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August 2017
JAZZIZ July Issue
June 2017

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A short history of… “Ceora” (Lee Morgan, 1965)

“Ceora” is a Latin-based composition by trumpeter Lee Morgan from 1965. The song first appeared on Morgan’s album Cornbread, which features the trumpeter playing alongside pianist Herbie Hancock, drummer Billy Higgins, saxophonists Jackie McLean and Hank Mobley, and bassist Larry Ridley. Though the album was recorded in 1965, it was released two years later, in 1967, on the Blue Note label.

Don Drotos calls “Ceora” a ‘jazz bossa,’ because it is “a bossa nova that was written by a jazz musician as a vehicle for improvisation, as opposed to a Brazilian song originally to be sung.” He also praises Hancock’s piano in the first recording of the song: “[his] comping during the intro and throughout the recording is a model in how to accompany bossa novas in the jazz style.” (The term comping is used in jazz to describe the act of playing chords in a rhythmically unpredictable fashion as an accompaniment for an improvising soloist.)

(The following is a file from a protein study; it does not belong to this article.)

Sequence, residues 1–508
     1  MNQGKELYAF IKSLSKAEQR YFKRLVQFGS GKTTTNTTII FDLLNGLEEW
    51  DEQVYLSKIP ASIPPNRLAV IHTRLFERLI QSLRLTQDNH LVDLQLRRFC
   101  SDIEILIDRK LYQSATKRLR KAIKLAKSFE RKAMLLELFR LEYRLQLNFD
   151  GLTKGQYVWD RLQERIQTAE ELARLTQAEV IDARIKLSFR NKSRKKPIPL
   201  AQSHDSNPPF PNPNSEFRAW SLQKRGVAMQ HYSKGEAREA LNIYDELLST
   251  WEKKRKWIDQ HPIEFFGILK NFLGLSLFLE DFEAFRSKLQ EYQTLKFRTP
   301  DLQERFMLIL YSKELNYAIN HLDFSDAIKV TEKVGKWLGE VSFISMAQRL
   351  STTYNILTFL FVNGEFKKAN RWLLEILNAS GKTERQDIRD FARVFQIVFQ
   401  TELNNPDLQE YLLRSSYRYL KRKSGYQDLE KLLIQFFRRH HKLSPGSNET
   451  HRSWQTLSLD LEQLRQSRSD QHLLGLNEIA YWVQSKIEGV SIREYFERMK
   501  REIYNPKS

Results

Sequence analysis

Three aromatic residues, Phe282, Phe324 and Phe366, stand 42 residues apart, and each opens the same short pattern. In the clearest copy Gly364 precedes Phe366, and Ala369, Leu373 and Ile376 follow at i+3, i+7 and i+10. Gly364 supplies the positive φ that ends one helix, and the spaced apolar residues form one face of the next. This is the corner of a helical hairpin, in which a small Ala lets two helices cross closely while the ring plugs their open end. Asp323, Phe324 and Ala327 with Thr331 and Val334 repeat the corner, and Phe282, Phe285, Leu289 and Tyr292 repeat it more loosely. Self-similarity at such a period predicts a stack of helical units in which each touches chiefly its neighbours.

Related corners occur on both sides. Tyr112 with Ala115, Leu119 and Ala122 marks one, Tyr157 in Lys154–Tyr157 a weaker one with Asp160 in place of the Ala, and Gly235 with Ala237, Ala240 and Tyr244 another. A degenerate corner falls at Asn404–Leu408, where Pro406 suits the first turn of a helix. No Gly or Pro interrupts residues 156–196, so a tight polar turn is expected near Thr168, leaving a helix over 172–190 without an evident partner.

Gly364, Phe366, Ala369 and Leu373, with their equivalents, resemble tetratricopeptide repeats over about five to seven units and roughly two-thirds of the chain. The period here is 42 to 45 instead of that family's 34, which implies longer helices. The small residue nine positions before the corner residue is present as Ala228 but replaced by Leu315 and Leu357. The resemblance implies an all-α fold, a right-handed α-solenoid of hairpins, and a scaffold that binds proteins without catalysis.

Jeffrey S. McMillan writes in his book DelightfulLee: The Life and Music of Lee Morgan, that the song’s “beautiful melody jumps and soars over a relaxed harmonic rhythmic context of elegant sophistication,” and that “many students of the music to living legends like Harold Mabern and George Coleman continue to perform it regularly.” McMillan also interestingly traces the origins of “Ceora” back to the ballad “If Someone Had Told Me,” composed by Peter De Rose and Clarence Tobias, who were popular songwriters of the 1940’s and 1950’s.

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